Wharton School of Business

If old-time department stores were comprehensive, mom-and-pop stores friendly and big-box always low price, what kind of message does pop-up retail whisper into the ear of today’s customer?

“New, fun, something different,” says Wharton marketing professor Barbara E. Kahn. “Innovation and intrigue,” says pop-up leasing agent Christina Norsig, CEO/founder of PopUpInsider. Adds Wharton marketing professor Stephen J. Hoch: It’s about trying to “get people there all at the same time to create additional excitement, because it’s a pop-up, and it’s not going to be there much longer.”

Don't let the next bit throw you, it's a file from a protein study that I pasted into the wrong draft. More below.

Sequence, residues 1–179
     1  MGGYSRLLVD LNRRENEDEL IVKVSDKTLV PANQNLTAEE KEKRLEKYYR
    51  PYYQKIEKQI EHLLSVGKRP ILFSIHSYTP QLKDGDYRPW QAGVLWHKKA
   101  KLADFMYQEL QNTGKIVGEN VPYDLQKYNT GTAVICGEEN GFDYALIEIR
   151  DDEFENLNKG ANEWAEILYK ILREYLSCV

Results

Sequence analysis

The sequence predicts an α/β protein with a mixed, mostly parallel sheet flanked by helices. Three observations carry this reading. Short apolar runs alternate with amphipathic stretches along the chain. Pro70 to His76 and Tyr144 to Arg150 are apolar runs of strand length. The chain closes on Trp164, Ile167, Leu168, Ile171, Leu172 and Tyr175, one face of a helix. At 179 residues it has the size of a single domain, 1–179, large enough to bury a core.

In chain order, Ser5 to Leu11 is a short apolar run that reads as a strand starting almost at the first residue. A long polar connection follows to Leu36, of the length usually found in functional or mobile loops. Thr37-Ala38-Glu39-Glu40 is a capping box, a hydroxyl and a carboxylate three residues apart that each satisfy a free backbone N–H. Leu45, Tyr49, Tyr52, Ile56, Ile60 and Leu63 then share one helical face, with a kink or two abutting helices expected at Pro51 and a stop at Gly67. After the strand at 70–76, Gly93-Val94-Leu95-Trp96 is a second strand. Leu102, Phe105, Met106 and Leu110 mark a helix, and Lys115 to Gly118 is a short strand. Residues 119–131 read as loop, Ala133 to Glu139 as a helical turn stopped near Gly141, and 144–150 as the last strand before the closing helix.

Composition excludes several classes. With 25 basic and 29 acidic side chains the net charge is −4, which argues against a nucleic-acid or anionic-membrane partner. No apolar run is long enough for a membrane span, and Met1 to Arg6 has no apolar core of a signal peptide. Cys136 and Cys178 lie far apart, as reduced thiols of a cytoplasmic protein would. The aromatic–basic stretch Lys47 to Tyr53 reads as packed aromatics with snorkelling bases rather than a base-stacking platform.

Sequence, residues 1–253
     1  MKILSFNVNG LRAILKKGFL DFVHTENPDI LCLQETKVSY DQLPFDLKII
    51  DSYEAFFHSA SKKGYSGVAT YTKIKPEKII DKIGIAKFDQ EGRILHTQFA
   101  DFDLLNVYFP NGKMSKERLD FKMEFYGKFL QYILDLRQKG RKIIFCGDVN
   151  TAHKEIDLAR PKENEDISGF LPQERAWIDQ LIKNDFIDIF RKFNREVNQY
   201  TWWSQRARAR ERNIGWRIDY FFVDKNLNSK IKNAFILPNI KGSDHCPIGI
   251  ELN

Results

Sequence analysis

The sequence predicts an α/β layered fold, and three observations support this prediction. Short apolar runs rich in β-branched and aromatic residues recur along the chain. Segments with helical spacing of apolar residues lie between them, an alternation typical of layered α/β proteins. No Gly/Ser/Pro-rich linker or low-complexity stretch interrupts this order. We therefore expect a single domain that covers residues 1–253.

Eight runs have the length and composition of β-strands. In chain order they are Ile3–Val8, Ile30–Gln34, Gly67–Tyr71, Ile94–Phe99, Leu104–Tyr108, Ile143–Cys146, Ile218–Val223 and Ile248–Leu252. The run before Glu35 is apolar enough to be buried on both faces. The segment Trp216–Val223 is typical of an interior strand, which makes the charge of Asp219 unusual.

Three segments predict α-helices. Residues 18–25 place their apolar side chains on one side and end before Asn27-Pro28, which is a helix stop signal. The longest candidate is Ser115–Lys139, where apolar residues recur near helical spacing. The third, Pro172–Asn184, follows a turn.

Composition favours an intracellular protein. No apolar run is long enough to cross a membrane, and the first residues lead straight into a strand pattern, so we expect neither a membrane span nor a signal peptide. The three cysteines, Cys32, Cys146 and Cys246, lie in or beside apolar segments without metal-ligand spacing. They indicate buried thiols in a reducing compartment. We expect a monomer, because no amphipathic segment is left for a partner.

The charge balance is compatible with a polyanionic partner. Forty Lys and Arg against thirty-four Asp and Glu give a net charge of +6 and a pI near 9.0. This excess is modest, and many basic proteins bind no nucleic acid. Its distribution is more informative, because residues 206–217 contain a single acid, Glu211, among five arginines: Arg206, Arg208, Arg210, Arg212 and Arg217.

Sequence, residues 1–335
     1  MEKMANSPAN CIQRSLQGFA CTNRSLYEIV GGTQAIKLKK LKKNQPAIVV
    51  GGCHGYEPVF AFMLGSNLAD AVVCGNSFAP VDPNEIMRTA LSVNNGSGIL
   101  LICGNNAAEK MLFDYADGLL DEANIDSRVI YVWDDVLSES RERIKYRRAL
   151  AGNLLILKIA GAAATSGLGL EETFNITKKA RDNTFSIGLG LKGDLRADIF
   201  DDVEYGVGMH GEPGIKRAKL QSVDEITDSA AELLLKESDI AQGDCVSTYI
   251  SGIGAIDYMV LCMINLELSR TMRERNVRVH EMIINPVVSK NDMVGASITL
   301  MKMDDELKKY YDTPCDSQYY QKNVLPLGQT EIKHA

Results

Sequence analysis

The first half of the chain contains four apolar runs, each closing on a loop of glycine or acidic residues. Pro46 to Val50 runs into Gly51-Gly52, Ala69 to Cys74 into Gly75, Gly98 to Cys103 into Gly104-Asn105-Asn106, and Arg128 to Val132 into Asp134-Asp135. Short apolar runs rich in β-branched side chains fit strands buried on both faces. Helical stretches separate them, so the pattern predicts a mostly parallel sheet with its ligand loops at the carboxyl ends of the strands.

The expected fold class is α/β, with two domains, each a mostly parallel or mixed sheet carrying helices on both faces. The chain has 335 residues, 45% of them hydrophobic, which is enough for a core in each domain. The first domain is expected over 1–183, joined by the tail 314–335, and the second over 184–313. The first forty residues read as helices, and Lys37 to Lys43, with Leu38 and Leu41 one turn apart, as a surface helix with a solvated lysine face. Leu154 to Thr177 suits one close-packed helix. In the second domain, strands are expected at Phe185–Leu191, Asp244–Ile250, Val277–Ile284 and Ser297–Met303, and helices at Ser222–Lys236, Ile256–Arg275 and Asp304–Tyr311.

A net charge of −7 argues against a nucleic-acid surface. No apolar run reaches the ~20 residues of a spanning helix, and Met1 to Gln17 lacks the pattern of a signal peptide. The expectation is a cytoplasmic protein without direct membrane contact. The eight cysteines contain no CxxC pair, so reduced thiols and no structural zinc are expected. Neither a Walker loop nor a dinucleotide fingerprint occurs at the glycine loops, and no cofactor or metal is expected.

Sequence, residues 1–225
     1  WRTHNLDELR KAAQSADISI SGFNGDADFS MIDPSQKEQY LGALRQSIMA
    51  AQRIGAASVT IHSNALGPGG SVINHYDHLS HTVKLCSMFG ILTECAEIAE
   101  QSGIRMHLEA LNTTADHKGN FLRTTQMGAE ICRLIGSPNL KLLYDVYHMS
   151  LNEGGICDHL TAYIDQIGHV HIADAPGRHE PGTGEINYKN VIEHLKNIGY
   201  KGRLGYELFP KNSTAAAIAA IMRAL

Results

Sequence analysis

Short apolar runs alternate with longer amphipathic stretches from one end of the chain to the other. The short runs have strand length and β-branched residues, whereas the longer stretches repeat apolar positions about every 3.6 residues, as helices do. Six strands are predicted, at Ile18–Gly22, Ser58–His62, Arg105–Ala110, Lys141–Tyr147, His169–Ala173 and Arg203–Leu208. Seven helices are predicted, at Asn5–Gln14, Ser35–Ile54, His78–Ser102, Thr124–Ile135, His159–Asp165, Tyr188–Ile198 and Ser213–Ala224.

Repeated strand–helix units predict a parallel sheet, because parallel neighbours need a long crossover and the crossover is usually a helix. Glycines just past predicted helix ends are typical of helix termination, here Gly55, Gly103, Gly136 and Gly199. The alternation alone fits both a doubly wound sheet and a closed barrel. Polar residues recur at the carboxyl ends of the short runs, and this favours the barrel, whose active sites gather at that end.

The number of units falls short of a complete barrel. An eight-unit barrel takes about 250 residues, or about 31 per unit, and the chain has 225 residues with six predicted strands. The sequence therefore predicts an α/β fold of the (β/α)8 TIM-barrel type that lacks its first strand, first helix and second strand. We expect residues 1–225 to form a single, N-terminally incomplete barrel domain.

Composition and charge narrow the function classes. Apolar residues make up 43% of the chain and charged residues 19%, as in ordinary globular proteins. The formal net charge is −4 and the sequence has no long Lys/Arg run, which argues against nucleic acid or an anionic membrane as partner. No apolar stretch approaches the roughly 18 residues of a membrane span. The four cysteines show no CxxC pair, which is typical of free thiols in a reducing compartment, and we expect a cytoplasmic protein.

As a concept, many industry experts say pop-up is here to stay, because it strikes both business owners and customers as a cure for the sense of retail ennui that has permeated the industry since the start of the recession. Pop-up has several distinct manifestations, but the basic format is that a retailer looking to sell something with a short shelf life, launch a brand or build awareness opens a storefront for a few days or weeks. Displays are put up, product is stocked, business is conducted and buzz created — and then it’s gone.

Posted in Uncategorized.